BY CURTIS WOODWARD
No team does heartbreak like the Parramatta Eels – just ask their fans. On Saturday they play a sudden death semi against a team they should beat in the North Queensland Cowboys.
The Eels have been impressive thus far in 2017. North Queensland have seemingly been on tilt since their messiah Johnathan Thurston went down injured.
Yet here the Cowboys are.
On Saturday these two teams return to the scene of one of the great ambushes modern Australian sport has seen.
Forget the 2001 Grand Final where Andrew Johns and Steve Simpson went mad and knocked off the heavily favoured Eels.
This ambush came four years later.
The year was 2005 – week three of the Finals – the minor premiers against a bunch of rag tags from Townsville. And while the Cowboys may have boasted Dally M winner Johnathan Thurston – nobody expected them to beat the Eels.
This was Parramatta’s to lose.
The Eels earned a rest after smacking Manly in week one of the playoffs at Parramatta Stadium. Two nights earlier, Wests Tigers put 50 on the Cowboys at Homebush.
After edging Melbourne in week two, North QLD qualified for the preliminary final.
Then it all fell apart for Parramatta. North QLD romped home 29-0. The short-priced premiership favourites were hammered and kept scoreless for the first time that year.
“We have to figure out why we performed like we did,” Smith said at the time of the loss.
“That’s up to me and the senior players to work out.”
They never did.
But this piece isn’t about how the Eels will choke and fall over again. Only last week this writer was explaining why they were set to cause the upset of upsets at AAMI Park against Melbourne.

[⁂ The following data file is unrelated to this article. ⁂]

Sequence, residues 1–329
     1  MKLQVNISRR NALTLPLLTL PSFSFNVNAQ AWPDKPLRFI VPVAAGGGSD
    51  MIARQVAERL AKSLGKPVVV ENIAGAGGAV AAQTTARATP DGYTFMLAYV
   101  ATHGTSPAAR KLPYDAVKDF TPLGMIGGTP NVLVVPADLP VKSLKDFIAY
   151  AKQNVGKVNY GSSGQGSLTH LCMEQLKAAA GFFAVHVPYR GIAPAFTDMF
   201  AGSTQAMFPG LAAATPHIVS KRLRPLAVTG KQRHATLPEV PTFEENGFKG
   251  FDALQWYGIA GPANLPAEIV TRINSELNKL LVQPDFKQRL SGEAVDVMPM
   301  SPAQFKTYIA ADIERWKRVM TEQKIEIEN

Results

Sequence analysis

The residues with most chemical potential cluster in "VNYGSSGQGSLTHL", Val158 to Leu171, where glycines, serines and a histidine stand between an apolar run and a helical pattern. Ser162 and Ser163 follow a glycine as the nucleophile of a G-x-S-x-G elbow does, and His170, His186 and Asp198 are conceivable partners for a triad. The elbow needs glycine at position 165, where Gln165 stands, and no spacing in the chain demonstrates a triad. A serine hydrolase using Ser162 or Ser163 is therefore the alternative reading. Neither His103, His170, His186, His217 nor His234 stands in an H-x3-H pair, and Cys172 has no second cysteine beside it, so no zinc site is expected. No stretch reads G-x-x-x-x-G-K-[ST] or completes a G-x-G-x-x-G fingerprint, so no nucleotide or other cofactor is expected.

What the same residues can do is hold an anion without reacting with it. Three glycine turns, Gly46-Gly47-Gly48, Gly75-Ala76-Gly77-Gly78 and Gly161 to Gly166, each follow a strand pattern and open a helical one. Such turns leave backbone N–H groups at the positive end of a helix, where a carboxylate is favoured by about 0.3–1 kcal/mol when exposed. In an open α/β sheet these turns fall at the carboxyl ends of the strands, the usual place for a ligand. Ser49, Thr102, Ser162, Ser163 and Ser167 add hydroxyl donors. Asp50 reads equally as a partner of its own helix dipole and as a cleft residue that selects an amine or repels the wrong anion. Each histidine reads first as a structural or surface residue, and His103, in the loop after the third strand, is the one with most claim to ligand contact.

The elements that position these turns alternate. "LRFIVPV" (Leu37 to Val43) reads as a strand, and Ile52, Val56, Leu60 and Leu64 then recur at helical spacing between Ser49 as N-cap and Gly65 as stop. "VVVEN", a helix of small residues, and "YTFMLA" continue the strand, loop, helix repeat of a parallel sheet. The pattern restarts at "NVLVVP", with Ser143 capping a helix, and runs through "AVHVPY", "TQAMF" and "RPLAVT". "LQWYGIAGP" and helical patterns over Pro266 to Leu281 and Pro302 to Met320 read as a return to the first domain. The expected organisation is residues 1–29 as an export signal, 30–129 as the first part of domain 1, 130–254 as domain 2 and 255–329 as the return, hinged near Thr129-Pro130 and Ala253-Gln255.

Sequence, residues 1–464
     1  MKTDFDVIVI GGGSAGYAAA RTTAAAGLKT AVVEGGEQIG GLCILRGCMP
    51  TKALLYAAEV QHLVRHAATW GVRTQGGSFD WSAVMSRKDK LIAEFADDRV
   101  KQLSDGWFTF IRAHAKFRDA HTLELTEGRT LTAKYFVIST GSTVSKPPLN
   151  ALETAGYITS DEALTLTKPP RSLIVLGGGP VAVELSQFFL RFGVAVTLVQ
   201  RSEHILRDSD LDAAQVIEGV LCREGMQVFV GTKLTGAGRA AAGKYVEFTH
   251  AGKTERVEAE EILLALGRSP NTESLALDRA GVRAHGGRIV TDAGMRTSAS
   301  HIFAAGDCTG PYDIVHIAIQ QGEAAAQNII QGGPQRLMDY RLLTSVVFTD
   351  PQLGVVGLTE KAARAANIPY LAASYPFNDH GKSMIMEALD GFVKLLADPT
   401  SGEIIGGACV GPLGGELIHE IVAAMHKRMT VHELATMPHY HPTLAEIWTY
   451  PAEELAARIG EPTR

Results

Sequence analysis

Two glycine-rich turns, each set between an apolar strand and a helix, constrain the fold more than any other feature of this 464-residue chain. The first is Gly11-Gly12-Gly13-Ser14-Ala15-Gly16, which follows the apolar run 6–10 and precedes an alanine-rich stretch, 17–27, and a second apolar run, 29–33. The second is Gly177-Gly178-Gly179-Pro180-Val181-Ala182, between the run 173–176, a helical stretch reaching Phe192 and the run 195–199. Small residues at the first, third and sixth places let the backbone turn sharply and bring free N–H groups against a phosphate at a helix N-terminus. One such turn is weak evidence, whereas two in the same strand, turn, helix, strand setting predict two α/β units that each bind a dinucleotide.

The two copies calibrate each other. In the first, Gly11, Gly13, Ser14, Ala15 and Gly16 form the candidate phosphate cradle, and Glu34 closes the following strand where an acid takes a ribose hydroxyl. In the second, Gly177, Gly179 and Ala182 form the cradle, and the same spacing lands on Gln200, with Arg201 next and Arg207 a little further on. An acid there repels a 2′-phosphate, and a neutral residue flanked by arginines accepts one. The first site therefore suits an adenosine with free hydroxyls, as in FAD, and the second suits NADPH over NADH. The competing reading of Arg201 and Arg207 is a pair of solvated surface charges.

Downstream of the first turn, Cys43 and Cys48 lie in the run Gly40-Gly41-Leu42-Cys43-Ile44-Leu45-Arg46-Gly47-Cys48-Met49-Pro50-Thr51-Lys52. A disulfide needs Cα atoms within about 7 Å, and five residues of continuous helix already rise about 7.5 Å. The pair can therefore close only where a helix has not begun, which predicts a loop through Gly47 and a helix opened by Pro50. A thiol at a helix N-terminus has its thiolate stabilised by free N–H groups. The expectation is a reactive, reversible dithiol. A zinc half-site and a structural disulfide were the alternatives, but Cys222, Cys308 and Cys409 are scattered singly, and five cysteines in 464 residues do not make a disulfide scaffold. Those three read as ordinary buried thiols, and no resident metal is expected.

They almost did it.
The point however is that all the hard work they have done up to this point means nothing if they don’t beat the Cowboys and beat them well at ANZ Stadium.
Rally your team to #NRLFinals glory!
— NRL (@NRL) September 13, 2017
— Wide World of Sports (@wwos) September 9, 2017
They have created something and nothing all at the same time.
Coach Brad Arthur knows it.
In the Brian Smith era there was an expectation that things would just happen in the big games. It felt similar when his protégé Daniel Anderson was in charge.
Arthur is the hard nut that glues this squad together. He’s watched from the outside and seen Parramatta crumble plenty. He is now the reason they stand on the cusp of a preliminary final and a shot at the Sydney Roosters.
“I can’t rap the guy enough, what he’s done for the club over the years has lifted us from a very dark time to a place now where people love being involved and at,” Parramatta’s veteran leader Tim Mannah told NRL.com.
“It’s not an easy job to do that but he does it with a lot of class and has got a playing group that will do anything for him.
“The coach has been here now for four years and picked up the club in a dire time and it hasn’t happened overnight.”
The Cowboys should watch that 2005 semi for inspiration.
Parramatta should watch it as a reminder.